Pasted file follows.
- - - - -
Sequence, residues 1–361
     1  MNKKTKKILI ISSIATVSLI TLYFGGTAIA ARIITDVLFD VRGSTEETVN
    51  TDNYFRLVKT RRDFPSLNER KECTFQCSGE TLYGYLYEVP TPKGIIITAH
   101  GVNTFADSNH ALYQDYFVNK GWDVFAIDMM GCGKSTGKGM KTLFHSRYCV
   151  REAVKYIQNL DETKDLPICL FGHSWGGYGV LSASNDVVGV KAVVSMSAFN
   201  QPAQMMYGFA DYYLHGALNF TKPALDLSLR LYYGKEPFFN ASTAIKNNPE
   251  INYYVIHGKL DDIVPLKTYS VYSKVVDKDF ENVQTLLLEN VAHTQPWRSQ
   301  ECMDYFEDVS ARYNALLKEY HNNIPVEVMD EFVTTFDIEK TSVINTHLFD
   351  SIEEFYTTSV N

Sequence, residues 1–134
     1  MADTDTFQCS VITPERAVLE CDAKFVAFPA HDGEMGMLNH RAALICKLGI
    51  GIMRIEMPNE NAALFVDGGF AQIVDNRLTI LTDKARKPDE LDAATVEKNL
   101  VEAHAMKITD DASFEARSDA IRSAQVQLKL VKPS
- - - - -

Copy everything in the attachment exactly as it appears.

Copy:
Sequence, residues 1–361
     1  MNKKTKKILI ISSIATVSLI TLYFGGTAIA ARIITDVLFD VRGSTEETVN
    51  TDNYFRLVKT RRDFPSLNER KECTFQCSGE TLYGYLYEVP TPKGIIITAH
   101  GVNTFADSNH ALYQDYFVNK GWDVFAIDMM GCGKSTGKGM KTLFHSRYCV
   151  REAVKYIQNL DETKDLPICL FGHSWGGYGV LSASNDVVGV KAVVSMSAFN
   201  QPAQMMYGFA DYYLHGALNF TKPALDLSLR LYYGKEPFFN ASTAIKNNPE
   251  INYYVIHGKL DDIVPLKTYS VYSKVVDKDF ENVQTLLLEN VAHTQPWRSQ
   301  ECMDYFEDVS ARYNALLKEY HNNIPVEVMD EFVTTFDIEK TSVINTHLFD
   351  SIEEFYTTSV N

Sequence, residues 1–134
     1  MADTDTFQCS VITPERAVLE CDAKFVAFPA HDGEMGMLNH RAALICKLGI
    51  GIMRIEMPNE NAALFVDGGF AQIVDNRLTI LTDKARKPDE LDAATVEKNL
   101  VEAHAMKITD DASFEARSDA IRSAQVQLKL VKPS